Dr Mahathir’s new dilemma

Dr Mahathir’s new dilemma

by Tan Wah Piow

The impending 8 Dec anti-ICERD rally in Malaysia reminds one of the 1936 Battle of Cable Street in London.

ICERD – a previous unheard acronym to most, stands for International Convention on the Elimination of All Forms of Racial Discrimination, a UN treaty.

Objection to ICERD was raised by the opposition in Malaysia following Dr Mahathir high profile announcement at the UN that the country would ratify all Human Rights treaties, including ICERD.

Following attempts by the opposition UMNO and PAS to use the issue to stir unjustified fears amongst Malays that their special privileges and religion could be threatened, the Prime Minister later rescinded, and announced, to the despair of many NGOs, that ICERD would no longer be ratified. Despite this, the opposition insisted on going ahead with the Anti-ICERD rally in Kuala Lumpur as a show of force of a racial group.

The Dec 8 rally in Malaysia, organised by the defeated UMNO and the conservative Islamic PAS, is intended, observers said, to assert their relevance to the Malay community, having being defeated in the May general elections. It is also aimed at sabotaging the reform agenda of the new government by threatening racial disharmony.

How should a government, and progressives in support of ratification of ICERD deal with such a racially charged rally?

I am therefore reminded of the famous 1936 case in London when the 100,000 strong Jewish community in the East End wanted the authorities to stop thousands of Fascist from marching into their area.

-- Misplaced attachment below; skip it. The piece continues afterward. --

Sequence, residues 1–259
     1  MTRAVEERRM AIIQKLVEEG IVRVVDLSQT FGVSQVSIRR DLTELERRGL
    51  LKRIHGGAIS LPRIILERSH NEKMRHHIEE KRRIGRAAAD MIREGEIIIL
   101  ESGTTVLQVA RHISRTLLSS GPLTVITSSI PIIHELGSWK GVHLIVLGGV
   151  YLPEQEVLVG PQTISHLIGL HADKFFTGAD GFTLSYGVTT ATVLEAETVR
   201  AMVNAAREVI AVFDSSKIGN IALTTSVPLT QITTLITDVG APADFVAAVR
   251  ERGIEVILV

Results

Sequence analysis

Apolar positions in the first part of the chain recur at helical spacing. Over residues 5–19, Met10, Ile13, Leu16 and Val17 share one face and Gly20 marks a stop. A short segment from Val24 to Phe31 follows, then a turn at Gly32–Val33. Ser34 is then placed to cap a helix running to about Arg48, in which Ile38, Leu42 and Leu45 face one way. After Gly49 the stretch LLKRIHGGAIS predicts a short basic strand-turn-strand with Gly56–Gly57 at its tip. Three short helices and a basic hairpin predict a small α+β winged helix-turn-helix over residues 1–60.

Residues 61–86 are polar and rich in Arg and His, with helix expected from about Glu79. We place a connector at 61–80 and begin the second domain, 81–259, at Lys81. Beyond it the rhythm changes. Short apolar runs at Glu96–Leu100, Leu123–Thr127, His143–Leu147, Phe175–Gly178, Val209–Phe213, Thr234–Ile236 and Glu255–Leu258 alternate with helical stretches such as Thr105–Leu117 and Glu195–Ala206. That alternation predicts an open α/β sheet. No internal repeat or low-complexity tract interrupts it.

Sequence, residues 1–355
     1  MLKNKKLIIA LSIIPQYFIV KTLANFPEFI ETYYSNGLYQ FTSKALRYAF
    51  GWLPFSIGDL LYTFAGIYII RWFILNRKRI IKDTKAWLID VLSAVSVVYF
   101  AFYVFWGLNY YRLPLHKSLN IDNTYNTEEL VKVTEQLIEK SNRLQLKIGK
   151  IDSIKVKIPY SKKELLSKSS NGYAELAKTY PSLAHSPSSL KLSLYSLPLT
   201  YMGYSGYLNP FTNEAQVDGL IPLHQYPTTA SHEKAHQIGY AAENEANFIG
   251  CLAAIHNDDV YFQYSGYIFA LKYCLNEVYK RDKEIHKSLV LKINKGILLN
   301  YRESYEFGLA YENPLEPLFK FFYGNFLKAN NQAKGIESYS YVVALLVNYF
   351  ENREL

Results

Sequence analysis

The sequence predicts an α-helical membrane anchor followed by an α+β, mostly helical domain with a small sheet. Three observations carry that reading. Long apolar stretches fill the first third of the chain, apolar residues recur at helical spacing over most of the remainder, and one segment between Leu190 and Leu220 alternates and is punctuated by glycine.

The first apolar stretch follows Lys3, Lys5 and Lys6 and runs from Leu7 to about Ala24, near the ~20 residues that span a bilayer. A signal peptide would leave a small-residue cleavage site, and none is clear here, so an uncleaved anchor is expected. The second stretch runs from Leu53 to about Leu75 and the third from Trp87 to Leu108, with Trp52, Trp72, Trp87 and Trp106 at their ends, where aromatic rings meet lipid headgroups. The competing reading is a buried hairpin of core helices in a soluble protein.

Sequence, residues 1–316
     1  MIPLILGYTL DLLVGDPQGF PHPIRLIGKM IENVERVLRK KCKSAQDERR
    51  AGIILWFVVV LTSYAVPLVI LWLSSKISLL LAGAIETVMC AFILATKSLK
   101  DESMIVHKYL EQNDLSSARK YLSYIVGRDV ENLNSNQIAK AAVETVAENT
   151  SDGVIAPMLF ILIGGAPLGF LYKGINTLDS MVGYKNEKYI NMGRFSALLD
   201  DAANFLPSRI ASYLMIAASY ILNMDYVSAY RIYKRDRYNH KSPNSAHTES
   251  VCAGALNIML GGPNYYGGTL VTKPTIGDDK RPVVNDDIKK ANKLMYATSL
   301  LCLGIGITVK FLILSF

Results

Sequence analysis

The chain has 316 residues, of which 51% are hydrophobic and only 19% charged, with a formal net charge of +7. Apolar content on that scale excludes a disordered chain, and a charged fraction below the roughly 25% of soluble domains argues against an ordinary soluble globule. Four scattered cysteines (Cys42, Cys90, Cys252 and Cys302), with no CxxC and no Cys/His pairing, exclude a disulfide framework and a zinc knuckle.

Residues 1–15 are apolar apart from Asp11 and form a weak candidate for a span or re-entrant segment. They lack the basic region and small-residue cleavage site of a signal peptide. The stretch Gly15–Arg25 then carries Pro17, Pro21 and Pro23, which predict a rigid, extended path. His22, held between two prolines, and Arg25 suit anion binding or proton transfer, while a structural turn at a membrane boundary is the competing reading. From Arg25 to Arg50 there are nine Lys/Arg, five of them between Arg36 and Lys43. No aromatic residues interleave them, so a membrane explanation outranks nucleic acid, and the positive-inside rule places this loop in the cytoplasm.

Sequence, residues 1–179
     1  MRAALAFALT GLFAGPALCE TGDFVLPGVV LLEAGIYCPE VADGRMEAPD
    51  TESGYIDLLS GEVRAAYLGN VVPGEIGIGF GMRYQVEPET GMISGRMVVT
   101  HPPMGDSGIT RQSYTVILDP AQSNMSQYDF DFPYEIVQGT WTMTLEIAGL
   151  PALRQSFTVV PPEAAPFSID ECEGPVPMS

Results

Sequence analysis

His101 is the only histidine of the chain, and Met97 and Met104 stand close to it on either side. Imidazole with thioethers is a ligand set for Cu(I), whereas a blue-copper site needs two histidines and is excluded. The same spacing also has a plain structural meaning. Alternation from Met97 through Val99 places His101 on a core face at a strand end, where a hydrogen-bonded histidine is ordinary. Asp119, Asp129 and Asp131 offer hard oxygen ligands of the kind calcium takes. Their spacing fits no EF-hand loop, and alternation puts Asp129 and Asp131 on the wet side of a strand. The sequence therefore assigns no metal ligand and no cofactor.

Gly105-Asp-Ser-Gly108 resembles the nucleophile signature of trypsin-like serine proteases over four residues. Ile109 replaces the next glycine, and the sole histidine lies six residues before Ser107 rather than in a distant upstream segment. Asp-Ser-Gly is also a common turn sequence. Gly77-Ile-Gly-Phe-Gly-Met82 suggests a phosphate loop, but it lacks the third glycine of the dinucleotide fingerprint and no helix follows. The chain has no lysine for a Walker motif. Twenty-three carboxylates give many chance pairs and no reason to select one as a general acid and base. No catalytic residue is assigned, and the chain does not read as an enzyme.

The similarity of the two situations lies in the racialist character of the protesters, and the threat of violence.

While the British Home Secretary refused to ban the march on arguable constitutional principle of freedom of expression, the situation is very different in Malaysia.

In Malaysia, the rally is allowed to proceed probably out of political expediency as no attempts was made in recent weeks to silence anti-ICERD advocates who had openly espoused racial hatred.

Although Dr Mahathir has the majority in Parliament, the government does not enjoy the electoral support of the majority of Malay voters, many of whom are in rural areas. The need of the incumbent to tiptoe around issues which could upset those voters who have yet to embrace wholeheartedly the reality of a multi-racial, multi-religious country is a cause of great regret to liberal activist. But this is real politics.

For an ideal situation of how to face the challenges posed by organised racists and fascists, some may want to draw inspiration from the Battle of Cable Street in London. This 1936 political battle in London remains a popular leftwing folklore. During the Battle of Cable Street,  several thousands from the Jewish community, communists, leftwing activists and trade unionists successful pushed back the 20,000 fascists, and the battled with the 6000 police sent to protect the fascists.

Such is British humour that cushions were sold for armchair observers as part of the 80th commemoration in 2016.

But Malaysia’s context is of course very different  because of the racial composition, and level of political consciousness.

Amongst those at the head of, and behind, the anti-ICERD rally are politicians who lost out in the GE14 elections, and have lost a great deal apart from just their seats in Parliament and their monthly salaries. If they could topple Dr Mahathir under the cover of anti-ICERD, they would at all political costs to the nation.

Hence the challenge of 8th December 2018, and Dr Mahathir’s new dilemma – how to do the right thing, and win popular support at the same time.

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